The seizure by Al-Qaeda-linked militants of a major Iraqi city and parts of another illustrates their resurgence, and harkens back to the darkest days of the insurgency that followed the 2003 US-led invasion.
The Al-Qaeda franchise in Iraq fell from the height of its influence in the years after the invasion, suffering defeats by American forces, especially after Sunni tribesmen joined them from late 2006 in a process that became known as the “Awakening.”
But it has made a striking comeback in its latest incarnation, the Islamic State of Iraq and the Levant (ISIL), which spans more than one country and has been bolstered by the cross-border ties it has established in Syria during the country’s civil war, analysts say.
It is now a major force in the Syrian conflict, and has also carried out operations in Iraq ranging from brutal bombings of civilians to brazen prison assaults.
“ISIL has been able to leverage its networks and capabilities in Iraq to become a strong presence in Syria, and has used its presence in Syria to leverage its position in Iraq,” said Daniel Byman, a senior fellow at the Brookings Institution’s Saban Center for Middle East Policy.
“It now is again able to conduct limited guerrilla war as well as a sustained campaign of terrorism,” he said.
But ISIL went far beyond its usual bombings and hit-and-run attacks when it seized parts of the Anbar province cities of Ramadi and Fallujah, west of Baghdad, which it has held for days.
A senior security official said Saturday that Fallujah was completely under ISIL control, with witnesses reporting ISIL militants in both cities, including fighters patrolling them in vehicles.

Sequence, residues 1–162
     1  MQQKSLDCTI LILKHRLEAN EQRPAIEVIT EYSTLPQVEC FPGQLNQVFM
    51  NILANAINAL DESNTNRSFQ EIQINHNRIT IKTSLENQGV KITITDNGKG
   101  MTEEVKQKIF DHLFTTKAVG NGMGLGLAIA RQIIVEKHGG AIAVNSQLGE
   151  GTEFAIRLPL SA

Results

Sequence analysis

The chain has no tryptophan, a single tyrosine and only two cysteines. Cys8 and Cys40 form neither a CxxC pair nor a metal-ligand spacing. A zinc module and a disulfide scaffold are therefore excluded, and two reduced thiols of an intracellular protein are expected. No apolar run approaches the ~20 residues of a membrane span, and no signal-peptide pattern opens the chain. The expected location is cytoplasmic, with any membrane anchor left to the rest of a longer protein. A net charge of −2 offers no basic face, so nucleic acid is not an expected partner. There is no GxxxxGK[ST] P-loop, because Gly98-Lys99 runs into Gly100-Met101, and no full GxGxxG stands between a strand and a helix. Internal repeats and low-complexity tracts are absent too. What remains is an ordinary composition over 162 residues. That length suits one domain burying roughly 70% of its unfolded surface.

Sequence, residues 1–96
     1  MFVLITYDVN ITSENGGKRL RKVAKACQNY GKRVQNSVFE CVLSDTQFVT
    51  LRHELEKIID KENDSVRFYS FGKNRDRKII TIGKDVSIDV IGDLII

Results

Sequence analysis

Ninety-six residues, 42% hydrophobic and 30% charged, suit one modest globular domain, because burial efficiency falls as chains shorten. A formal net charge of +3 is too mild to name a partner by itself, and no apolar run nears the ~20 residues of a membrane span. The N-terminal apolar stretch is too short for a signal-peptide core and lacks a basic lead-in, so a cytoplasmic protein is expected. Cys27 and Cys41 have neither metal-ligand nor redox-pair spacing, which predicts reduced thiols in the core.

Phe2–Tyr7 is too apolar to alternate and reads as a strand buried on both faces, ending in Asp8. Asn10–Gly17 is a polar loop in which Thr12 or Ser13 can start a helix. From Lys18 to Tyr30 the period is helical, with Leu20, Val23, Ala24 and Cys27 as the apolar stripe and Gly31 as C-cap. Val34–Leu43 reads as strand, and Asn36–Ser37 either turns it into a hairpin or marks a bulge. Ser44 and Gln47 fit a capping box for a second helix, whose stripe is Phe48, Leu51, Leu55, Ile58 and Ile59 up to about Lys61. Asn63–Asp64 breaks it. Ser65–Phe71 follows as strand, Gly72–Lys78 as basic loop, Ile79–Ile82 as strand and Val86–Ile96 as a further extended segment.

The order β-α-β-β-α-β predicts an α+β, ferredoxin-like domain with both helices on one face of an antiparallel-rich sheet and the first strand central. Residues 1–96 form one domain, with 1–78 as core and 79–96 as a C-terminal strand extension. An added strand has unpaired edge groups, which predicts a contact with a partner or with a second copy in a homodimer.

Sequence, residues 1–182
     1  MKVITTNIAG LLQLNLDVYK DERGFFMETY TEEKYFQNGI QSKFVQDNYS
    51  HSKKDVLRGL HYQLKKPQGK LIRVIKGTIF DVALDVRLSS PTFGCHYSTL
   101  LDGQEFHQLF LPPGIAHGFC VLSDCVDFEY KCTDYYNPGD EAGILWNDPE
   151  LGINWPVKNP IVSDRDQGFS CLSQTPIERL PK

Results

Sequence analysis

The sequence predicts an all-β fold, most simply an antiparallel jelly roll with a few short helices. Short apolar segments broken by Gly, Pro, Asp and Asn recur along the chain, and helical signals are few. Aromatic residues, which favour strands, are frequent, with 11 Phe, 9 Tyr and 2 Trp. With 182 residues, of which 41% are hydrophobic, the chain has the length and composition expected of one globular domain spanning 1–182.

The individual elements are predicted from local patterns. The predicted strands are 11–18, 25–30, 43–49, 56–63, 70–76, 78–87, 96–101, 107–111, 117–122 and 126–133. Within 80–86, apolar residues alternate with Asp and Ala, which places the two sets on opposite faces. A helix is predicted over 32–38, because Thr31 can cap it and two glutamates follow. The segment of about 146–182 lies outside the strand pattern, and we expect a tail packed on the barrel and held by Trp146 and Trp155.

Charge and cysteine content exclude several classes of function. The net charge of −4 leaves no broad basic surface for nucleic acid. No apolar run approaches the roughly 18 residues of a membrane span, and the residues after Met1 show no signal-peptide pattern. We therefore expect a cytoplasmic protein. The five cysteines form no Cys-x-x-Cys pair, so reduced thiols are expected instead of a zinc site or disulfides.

On Friday, hundreds of gunmen, some bearing the black flags often flown by jihadists, gathered at outdoor weekly Muslim prayers in Fallujah, where one militant announced that “Fallujah is an Islamic state.”
Fighting began in the Ramadi area Monday — when security forces broke up the country’s main Sunni Arab anti-government protest camp — and then spread to Fallujah.
Security withdrew from areas of both cities, which cleared the way for militants to move in.
More than 160 people have been killed in fighting between ISIL, security forces and tribesmen in just two days.
‘Objectives far beyond Iraq’
ISIL’s “strength and territorial control and influence has been expanding in Anbar for some time,” said Charles Lister, a visiting fellow at the Brookings Doha Center.
Its “objectives lie far beyond Iraq, but transnational objectives of establishing an Islamic state across the Levant can only be realised once mini-states of territorial control are realised,” Lister said.
“In the Iraqi context, Anbar and also Nineveh (province) are of crucial importance as a result of their direct links into eastern Syria.”
Defence ministry spokesman Mohammed al-Askari has also highlighted the importance of the Syrian connection.
Aerial photographs and other information point to “the arrival of weapons and advanced equipment from Syria to the desert of western Anbar and the border of Nineveh province,” encouraging militants to rebuild once-eliminated camps, Askari said.
Security forces have targeted militant camps in recent operations in western Iraq.
John Drake, a security specialist with risk management firm AKE Group, said the situation in Anbar “is comparable to the bad days at the height of the insurgency.”
But while it may add to ISIL’s credibility, attempting to hold territory poses risks.
“It will give more credibility to the group, but in the longer term, it will have to tread very warily if it is to avoid incurring the wrath of the local population again,” Drake said, referring to disgust with militants’ brutality that led tribal fighters to turn against them.
“ISIL showed that it can strike fast and hard, exploiting the gap as Iraqi army forces withdrew from urban areas to overrun police stations,” said Michael Knights, a fellow at the Washington Institute for Near East Policy.
“But the growing strength of ISIL could hurt the organisation because fighting open battles for urban terrain plays to the government’s strengths,” he said.
The situation in Anbar presents both risk and opportunity, Knights said.
“If the Iraqi government uses this moment to re-engage the tribal awakening, Al-Qaeda could be dealt a severe reverse. If the government sidelines the Sunni tribes and continues with a brute force approach, Al-Qaeda may gain significantly in strength.”